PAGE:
|Scientific Name:||Charadrius tricollaris Vieillot, 1818|
|Taxonomic Source(s):||del Hoyo, J., Collar, N.J., Christie, D.A., Elliott, A. and Fishpool, L.D.C. 2014. HBW and BirdLife International Illustrated Checklist of the Birds of the World. Volume 1: Non-passerines. Lynx Edicions BirdLife International, Barcelona, Spain and Cambridge, UK.|
Charadrius tricollaris and C. bifrontatus (del Hoyo and Collar 2014) were previously lumped as C. tricollaris following Sibley and Monroe (1990, 1993).
|Red List Category & Criteria:||Least Concern ver 3.1|
|Reviewer(s):||Butchart, S. & Symes, A.|
|Facilitator/Compiler(s):||Butchart, S., Ekstrom, J., Malpas, L., Symes, A. & Taylor, J.|
This species has an extremely large range, and hence does not approach the thresholds for Vulnerable under the range size criterion (Extent of Occurrence <20,000 km2 combined with a declining or fluctuating range size, habitat extent/quality, or population size and a small number of locations or severe fragmentation). The population trend is not known, but the population is not believed to be decreasing sufficiently rapidly to approach the thresholds under the population trend criterion (>30% decline over ten years or three generations). The population size is very large, and hence does not approach the thresholds for Vulnerable under the population size criterion (<10,000 mature individuals with a continuing decline estimated to be >10% in ten years or three generations, or with a specified population structure). For these reasons the species is evaluated as Least Concern.
|Previously published Red List assessments:|
Native:Angola; Botswana; Burundi; Cameroon; Chad; Congo; Congo, The Democratic Republic of the; Djibouti; Eritrea; Ethiopia; Gabon; Kenya; Lesotho; Malawi; Mozambique; Namibia; Niger; Nigeria; Rwanda; Somalia; South Africa; South Sudan; Sudan; Swaziland; Tanzania, United Republic of; Uganda; Zambia; Zimbabwe
Vagrant:Côte d'Ivoire; Egypt; Ghana
|Range Map:||Click here to open the map viewer and explore range.|
|Population:||The population is estimated to number 70,000-140,000 individuals (Wetlands International 2014).|
Trend Justification: The population trend is difficult to determine because of uncertainty over the impacts of habitat modification on population sizes.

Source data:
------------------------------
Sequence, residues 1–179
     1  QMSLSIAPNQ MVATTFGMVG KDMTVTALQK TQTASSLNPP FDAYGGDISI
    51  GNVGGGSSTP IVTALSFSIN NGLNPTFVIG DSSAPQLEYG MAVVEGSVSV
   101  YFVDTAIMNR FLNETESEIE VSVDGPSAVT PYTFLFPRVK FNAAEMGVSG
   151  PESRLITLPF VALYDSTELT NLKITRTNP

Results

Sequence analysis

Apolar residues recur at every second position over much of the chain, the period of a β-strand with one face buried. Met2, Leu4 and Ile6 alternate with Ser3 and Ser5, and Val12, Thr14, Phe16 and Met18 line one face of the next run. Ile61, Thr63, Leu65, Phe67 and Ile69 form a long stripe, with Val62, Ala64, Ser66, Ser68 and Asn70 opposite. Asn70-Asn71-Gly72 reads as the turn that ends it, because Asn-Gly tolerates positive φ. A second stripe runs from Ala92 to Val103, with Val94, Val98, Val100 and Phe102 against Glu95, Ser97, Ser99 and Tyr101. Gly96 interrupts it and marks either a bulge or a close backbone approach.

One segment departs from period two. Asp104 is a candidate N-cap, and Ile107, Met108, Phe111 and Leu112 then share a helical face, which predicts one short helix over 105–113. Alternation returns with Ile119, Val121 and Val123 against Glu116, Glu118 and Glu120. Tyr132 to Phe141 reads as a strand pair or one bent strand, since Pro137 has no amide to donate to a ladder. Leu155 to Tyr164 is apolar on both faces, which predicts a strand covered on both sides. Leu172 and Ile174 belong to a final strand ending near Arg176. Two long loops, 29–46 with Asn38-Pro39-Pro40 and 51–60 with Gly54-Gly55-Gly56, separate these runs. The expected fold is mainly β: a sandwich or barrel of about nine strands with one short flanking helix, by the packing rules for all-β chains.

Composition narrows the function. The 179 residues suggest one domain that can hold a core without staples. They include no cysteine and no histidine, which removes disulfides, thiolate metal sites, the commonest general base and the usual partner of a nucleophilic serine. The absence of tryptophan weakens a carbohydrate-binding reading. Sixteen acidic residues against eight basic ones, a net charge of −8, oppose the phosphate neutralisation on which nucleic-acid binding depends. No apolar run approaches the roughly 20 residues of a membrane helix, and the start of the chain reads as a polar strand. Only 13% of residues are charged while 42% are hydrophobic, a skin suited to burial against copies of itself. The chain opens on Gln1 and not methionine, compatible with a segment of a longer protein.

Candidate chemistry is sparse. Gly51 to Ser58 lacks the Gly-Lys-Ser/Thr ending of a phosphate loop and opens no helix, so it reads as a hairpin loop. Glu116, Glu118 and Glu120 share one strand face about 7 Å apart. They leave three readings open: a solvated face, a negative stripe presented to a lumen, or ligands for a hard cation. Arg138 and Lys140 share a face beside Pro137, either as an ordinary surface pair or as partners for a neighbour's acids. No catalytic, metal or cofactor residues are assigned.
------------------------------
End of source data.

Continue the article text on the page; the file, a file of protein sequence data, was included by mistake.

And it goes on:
|Current Population Trend:||Unknown|
|Habitat and Ecology:||Behaviour The migratory status of this species is poorly known (del Hoyo et al. 1996) but some populations may undergo partial intra-African dispersive movements in response to rainfall (Urban et al. 1986, del Hoyo et al. 1996, Hockey et al. 2005). The species breeds opportunistically throughout the year although nesting usually peaks between April and September in the tropics and between July and December in the south (del Hoyo et al. 1996). It nests in solitary pairs with territories (Urban et al. 1986, del Hoyo et al. 1996) stretching 80-150 m along the shore (Hockey et al. 2005), and usually forages singly, in pairs or in small flocks of 6-10 up to 20 individuals (very rarely in larger groups of 40 individuals) (Urban et al. 1986). It roosts solitarily or in groups (del Hoyo et al. 1996), occasionally forming loose roosting flocks of more than one hundred individuals in the winter (Hockey et al. 2005). Habitat The species requires clear, firm sand, mud or gravel shores for nesting, foraging and roosting (Johnsgard 1981, del Hoyo et al. 1996). It inhabits the edges of inland freshwater lakes (del Hoyo et al. 1996), temporary or muddy pools (Johnsgard 1981, del Hoyo et al. 1996) and rivers (del Hoyo et al. 1996), streams with shingle banks (Johnsgard 1981), and the margins of artificial water-bodies (e.g. sewage tanks) (del Hoyo et al. 1996). It also occurs along the coast on the edges of intertidal mudflats (Johnsgard 1981, Langrand 1990), sandy beaches (Johnsgard 1981, del Hoyo et al. 1996), coastal lagoons, estuaries (del Hoyo et al. 1996, Hockey et al. 2005), tidal pools (Hockey et al. 2005), and mangroves (Langrand 1990) where shows a preference for the least saline areas (del Hoyo et al. 1996). Diet Its diet consists of adult and larval aquatic and terrestrial insects, crustaceans, small molluscs and worms (del Hoyo et al. 1996). Breeding site The nest is a simple scrape placed on sand, dry mud (del Hoyo et al. 1996), shingle (Hayman et al. 1986) or on rocks close to water (del Hoyo et al. 1996).|
|Systems:||Terrestrial; Freshwater; Marine|
|Continuing decline in area, extent and/or quality of habitat:||Unknown|
|Generation Length (years):||5.2|
|Movement patterns:||Not a Migrant|
|Congregatory:||Congregatory (and dispersive)|
|Major Threat(s):||The species may be susceptible to future outbreaks of avian botulism (Blaker 1967).|
|Citation:||BirdLife International. 2016. Charadrius tricollaris. The IUCN Red List of Threatened Species 2016: e.T22727471A94950399.Downloaded on 14 August 2018.|
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